Wednesday, July 4, 2018

Turning the Tables on the Left

They're gearing up their organizing efforts. They are quite proud of their work, putting links to various organizing manuals/documents on their website. I've downloaded some of the more pertinent docs/pdfs, and plan to use them:

  • To show how the 'organic street protests' are nothing like what they are said to be, but a deliberate, programmed effort to destroy the administration and put themselves back in power.
  • To learn more about Leftist tactics and strategies - you have to Know Your Enemy, as a famous military leader once said. Patton would agree:
    • "What he said during a battle in North Africa may be legend, but it typifies the man. Patton’s troops and tanks were engaged in a successful counterattack of German forces under General Erwin Rommel. Patton is reported to have shouted in the thick of the battle, “I read your book, Rommel! I read your book!” And that he did. In Rommel’s book Infantry Attacks, the famed “Desert Fox” carefully detailed his military strategy. And Patton, having read it and knowing what to expect, planned his moves accordingly."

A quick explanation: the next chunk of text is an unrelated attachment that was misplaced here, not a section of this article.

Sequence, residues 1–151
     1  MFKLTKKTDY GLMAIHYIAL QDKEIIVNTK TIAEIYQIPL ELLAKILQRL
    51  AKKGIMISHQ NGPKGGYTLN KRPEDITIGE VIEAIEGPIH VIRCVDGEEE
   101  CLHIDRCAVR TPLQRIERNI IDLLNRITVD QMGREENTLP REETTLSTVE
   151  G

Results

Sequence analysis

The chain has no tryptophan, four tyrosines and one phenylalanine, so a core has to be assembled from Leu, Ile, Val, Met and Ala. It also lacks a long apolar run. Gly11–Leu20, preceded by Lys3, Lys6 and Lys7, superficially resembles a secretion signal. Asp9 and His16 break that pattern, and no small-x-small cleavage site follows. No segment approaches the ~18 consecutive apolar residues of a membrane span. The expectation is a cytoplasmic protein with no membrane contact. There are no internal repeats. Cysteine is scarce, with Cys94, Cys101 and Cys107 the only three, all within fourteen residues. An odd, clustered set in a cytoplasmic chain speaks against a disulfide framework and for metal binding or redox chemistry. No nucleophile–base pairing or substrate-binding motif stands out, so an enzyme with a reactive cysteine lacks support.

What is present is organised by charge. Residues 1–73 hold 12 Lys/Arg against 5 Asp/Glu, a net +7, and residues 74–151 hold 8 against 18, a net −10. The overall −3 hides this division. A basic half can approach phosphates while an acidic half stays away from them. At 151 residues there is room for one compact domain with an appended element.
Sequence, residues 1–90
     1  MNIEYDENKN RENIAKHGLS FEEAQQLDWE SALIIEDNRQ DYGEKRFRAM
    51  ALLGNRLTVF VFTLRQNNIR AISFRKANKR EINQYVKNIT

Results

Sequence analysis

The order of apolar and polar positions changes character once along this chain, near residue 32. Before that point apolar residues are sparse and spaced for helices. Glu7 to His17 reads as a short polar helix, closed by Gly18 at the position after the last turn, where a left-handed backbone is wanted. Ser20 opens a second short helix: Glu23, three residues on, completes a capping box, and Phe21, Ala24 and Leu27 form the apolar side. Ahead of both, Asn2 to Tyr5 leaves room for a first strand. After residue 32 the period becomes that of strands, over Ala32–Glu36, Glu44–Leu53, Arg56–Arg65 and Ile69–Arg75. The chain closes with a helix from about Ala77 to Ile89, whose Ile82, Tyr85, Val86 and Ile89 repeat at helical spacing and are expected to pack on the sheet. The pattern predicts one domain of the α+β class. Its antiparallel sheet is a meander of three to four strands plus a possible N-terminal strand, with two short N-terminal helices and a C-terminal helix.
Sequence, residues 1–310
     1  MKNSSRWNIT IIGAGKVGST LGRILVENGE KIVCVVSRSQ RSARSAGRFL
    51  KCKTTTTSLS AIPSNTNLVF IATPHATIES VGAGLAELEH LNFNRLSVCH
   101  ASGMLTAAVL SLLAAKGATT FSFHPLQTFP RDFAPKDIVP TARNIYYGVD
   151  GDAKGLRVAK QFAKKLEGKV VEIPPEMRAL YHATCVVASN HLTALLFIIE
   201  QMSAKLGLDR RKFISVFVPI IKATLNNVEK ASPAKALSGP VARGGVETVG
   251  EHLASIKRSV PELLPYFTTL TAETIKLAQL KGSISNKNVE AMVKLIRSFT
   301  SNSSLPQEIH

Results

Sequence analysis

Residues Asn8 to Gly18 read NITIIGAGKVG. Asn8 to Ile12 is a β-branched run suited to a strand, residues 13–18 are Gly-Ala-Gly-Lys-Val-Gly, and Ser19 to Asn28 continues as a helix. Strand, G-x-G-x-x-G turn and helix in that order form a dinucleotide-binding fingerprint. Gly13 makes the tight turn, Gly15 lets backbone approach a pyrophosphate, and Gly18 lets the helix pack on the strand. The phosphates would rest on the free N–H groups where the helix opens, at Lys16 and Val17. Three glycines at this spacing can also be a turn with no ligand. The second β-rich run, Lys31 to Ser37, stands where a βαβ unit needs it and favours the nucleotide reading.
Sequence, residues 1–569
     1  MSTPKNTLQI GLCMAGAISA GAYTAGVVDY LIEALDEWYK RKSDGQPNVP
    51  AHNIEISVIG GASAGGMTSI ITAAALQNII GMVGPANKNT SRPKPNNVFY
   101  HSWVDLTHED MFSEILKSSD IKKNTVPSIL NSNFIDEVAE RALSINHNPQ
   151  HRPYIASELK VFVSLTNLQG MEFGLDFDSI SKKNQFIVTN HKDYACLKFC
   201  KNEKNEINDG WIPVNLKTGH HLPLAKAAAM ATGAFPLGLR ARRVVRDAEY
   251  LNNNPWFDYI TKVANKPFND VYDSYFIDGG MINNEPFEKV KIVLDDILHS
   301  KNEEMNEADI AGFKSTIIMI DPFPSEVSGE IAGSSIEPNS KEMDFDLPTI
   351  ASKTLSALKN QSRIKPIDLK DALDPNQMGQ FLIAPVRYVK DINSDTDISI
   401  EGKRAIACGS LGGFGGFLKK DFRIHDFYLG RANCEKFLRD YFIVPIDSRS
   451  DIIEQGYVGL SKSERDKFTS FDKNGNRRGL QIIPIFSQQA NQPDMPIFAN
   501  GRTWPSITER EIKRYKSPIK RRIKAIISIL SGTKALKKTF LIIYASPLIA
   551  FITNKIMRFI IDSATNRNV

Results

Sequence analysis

1 comment:

Glenda T Goode said...

Never forget to constantly monitor your enemy. John Boyd creator of the concept of the OODA loop. Here is a brief explanation:

OODA loop
The phrase OODA loop refers to the decision cycle of observe, orient, decide, and act, developed by military strategist and USAF Colonel John Boyd. Boyd applied the concept to the combat operations process, often at the strategic level in military operations. It is now also often applied to understand commercial operations and learning processes.

Planning and acting, reacting or come combination of the two are not guarantees of success. However, knowing the enemy as you have described them as, and the execute the loop and then be prepared immediately to re-loop and do this as many times as necessary to achieve victory.

While the left may have a 'plan of action' it is a decentralized organization that consists primarily of leadership at the higher levels and foot soldiers. They lack the middle management echelon that provides communication and coordination. By entering the fray with the idea that things might become quite 'fluid' in terms of situations and changes in tactics, you are better prepared to respond to them.